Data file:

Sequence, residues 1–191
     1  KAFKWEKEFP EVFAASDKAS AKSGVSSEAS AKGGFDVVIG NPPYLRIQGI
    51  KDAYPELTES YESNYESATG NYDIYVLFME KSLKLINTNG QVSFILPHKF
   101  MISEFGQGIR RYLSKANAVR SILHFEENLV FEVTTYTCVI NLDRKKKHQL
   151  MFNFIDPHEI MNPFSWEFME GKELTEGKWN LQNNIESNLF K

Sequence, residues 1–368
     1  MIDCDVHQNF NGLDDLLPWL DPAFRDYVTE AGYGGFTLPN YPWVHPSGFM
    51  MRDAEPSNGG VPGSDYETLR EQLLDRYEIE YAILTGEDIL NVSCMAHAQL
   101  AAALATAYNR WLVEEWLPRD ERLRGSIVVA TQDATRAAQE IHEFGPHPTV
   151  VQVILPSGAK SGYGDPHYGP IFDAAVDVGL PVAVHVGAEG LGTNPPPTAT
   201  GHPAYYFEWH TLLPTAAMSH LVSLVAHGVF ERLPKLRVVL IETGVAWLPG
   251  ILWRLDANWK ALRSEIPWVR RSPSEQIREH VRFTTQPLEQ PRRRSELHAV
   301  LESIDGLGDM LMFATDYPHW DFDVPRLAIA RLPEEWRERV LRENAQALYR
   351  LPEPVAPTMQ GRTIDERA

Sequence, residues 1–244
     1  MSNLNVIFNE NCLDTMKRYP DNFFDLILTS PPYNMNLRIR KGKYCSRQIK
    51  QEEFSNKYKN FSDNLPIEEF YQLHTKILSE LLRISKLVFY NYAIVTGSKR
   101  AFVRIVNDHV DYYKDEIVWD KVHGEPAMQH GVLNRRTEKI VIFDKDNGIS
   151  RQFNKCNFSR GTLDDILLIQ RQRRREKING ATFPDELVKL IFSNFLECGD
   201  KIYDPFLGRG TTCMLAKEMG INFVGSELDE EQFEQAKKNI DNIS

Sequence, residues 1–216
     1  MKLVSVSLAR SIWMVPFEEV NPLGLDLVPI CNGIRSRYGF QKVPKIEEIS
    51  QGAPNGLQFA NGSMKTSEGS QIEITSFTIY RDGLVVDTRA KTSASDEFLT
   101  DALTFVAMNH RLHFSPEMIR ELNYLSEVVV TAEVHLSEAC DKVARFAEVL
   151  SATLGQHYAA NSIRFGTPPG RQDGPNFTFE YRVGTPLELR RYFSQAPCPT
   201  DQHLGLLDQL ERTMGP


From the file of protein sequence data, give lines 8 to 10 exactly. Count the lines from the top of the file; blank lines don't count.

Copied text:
    51  MRDAEPSNGG VPGSDYETLR EQLLDRYEIE YAILTGEDIL NVSCMAHAQL
   101  AAALATAYNR WLVEEWLPRD ERLRGSIVVA TQDATRAAQE IHEFGPHPTV
   151  VQVILPSGAK SGYGDPHYGP IFDAAVDVGL PVAVHVGAEG LGTNPPPTAT